How Jack Ma Can Turn British Coal Into an Asian Gem
A Worldpay Group Plc card payment machine prints a receipt in a retail outlet in London, U.K. (Photographer: Chris Ratcliffe/Bloomberg)

How Jack Ma Can Turn British Coal Into an Asian Gem


(Bloomberg Opinion) -- Jack Ma has found a way to turbocharge the benefits that Ant Financial, the Chinese payments giant he controls, can derive from the global ambitions of Alibaba Group Holdings Ltd., his e-commerce behemoth.

Ant, which was spun out of Alibaba in 2014 and is best known for its Alipay service, has agreed to acquire London-based WorldFirst. The little-known international transfers specialist has technology which could serve as an important foreign beachhead for the two Chinese firms.

This is not Ma’s first attempt to build out his fintech footprint abroad. He was forced to abandon an attempted $1.2 billion acquisition of Moneygram International Inc. last year after the deal was blocked by the Committee on Foreign Investment in the U.S. The WorldFirst purchase would only be subject to similar scrutiny in the U.K. if it were it a bank. Since it’s not, it’s a more straightforward opportunity to get a foothold outside Ant’s home region.

If you’ve never heard of WorldFirst, that might also explain its appeal as an acquisition target. It doesn’t have the name recognition of other British fintech darlings such as TransferWise Ltd., Monzo Bank Ltd or Starling Bank Ltd.

Which also means it likely comes more cheaply. Ant, which dominates electronic payments in China with Alipay, was discussing paying about $700 million for WorldFirst, the Financial Times reported in December. Adyen NV, another payments company, albeit with a different business, trades at a staggering 121 times predicted earnings. If WorldFirst is getting a similar premium, that would imply it generates just $6 million in net profit. Given its scale – WorldFirst says it has 600 employees and 400,000 customers – such low profitability would be surprising, which suggests that Ant got a far better deal.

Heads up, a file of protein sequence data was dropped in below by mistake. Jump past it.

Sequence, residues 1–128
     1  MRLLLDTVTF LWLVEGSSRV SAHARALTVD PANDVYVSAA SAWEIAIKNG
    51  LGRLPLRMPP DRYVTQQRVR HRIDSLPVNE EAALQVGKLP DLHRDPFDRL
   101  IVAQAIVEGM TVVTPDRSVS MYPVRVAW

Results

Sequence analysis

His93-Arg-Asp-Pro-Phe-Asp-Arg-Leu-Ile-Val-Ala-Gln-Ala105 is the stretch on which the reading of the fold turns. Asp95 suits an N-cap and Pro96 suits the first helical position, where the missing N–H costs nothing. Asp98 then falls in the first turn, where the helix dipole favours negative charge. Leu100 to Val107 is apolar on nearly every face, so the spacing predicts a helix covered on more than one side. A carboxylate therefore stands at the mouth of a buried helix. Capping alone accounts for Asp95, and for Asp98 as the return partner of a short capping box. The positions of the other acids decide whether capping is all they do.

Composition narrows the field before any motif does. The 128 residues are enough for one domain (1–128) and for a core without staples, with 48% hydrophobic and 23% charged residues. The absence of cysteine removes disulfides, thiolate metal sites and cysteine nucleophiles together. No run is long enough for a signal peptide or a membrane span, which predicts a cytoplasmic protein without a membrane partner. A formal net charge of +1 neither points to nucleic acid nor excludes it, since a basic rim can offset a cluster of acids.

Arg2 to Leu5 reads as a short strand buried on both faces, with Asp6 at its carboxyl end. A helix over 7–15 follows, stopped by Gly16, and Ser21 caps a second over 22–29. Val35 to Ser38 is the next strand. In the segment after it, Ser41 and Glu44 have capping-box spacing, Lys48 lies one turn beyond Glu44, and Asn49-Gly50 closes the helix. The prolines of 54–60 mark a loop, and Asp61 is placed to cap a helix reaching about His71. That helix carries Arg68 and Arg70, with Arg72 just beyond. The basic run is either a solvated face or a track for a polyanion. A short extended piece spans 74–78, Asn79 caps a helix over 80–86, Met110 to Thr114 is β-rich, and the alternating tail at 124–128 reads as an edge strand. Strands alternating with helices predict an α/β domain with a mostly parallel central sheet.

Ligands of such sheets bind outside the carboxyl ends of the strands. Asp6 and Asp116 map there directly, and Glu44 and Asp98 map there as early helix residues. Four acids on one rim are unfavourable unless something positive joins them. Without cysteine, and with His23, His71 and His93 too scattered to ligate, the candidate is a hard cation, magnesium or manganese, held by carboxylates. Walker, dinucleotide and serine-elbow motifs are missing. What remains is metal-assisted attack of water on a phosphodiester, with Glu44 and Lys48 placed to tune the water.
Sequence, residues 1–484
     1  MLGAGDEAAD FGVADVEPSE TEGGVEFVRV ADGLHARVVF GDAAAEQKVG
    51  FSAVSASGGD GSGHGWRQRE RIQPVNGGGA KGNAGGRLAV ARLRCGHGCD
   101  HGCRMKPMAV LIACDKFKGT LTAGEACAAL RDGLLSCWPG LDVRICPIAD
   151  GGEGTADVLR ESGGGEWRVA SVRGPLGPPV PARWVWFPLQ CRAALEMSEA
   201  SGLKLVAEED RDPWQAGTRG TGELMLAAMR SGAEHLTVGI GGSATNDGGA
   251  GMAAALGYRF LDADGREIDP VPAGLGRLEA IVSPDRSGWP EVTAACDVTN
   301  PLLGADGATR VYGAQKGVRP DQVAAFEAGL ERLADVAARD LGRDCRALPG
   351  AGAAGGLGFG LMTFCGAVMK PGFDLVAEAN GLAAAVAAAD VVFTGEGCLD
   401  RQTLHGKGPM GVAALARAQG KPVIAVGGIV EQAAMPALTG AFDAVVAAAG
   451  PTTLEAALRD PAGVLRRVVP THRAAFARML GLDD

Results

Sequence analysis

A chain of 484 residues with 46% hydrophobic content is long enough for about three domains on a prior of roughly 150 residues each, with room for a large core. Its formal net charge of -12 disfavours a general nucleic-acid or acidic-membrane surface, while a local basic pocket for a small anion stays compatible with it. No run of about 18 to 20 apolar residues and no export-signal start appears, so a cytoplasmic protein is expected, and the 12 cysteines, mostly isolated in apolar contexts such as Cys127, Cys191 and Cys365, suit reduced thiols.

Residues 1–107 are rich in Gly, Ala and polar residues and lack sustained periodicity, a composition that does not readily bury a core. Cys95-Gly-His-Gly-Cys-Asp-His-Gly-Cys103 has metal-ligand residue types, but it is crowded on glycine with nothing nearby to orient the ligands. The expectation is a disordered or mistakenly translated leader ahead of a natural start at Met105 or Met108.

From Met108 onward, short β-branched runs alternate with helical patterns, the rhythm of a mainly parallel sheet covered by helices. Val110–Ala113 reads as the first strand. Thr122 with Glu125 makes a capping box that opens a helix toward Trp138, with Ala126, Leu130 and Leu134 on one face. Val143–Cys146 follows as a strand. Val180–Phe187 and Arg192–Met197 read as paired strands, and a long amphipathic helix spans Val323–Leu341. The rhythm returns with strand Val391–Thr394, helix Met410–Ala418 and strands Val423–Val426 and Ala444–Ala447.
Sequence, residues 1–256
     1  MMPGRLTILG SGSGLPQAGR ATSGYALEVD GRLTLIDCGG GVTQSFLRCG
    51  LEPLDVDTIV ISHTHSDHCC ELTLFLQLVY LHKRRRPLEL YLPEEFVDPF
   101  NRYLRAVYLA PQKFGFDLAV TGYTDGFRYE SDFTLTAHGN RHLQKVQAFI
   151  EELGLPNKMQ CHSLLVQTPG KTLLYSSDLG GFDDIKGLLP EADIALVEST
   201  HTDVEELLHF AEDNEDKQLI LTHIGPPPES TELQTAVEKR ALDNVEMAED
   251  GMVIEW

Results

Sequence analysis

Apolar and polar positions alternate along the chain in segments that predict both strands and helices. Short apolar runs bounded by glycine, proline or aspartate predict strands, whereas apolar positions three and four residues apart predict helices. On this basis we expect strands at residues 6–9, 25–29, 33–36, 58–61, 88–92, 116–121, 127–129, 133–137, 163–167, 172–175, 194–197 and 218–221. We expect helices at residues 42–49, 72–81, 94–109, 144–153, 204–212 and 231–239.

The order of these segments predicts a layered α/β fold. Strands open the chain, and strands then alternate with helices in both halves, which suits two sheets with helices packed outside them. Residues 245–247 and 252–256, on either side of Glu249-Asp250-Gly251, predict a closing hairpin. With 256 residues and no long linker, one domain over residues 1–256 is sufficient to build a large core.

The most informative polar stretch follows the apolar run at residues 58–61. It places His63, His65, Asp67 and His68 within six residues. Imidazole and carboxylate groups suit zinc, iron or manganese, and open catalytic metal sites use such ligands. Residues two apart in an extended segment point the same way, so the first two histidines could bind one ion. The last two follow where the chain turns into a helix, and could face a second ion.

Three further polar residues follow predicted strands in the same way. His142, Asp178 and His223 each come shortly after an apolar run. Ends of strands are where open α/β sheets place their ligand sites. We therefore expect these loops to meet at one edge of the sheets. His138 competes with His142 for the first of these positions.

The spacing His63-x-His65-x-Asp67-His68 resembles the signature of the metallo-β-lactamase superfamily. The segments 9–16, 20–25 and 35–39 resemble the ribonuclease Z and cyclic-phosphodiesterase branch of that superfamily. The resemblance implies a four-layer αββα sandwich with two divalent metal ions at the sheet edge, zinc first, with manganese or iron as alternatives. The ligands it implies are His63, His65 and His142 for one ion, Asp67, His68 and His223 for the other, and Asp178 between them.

I suspect the British company doesn’t quite have the aura of its peers because it has failed to keep technological pace with newer firms. But one strength in particular explains its appeal to Ant: its provision of multicurrency accounts to merchants selling their wares through Inc.’s marketplace or Shopify Inc. That offering lets vendors collect all of their international revenue in one account, without having to worry about negotiating transfer fees or delays. Reducing those impediments makes it easier to sell goods across borders, which in turn brings more business to the marketplaces.

How Jack Ma Can Turn British Coal Into an Asian Gem

Global expansion is a strategic priority for Alibaba as it seeks to drive its gross merchandise value to $1 trillion by March 2020. Efforts outside Asia have so far focused on AliExpress, a marketplace which lets largely Chinese merchants sell their wares abroad. You can see how WorldFirst’s expertise could help Ant benefit from that growth, positioning it as an intermediary to allow Chinese manufacturers to collect foreign sales more easily.

Having raised $14 billion last year at a $150 billion valuation, the cost of buying WorldFirst is a drop in the ocean for Ant.

But for Jack Ma, it could be a crucial building block for his growth plans. World first, indeed.

This column does not necessarily reflect the opinion of the editorial board or Bloomberg LP and its owners.

Alex Webb is a Bloomberg Opinion columnist covering Europe's technology, media and communications industries. He previously covered Apple and other technology companies for Bloomberg News in San Francisco.

©2019 Bloomberg L.P.

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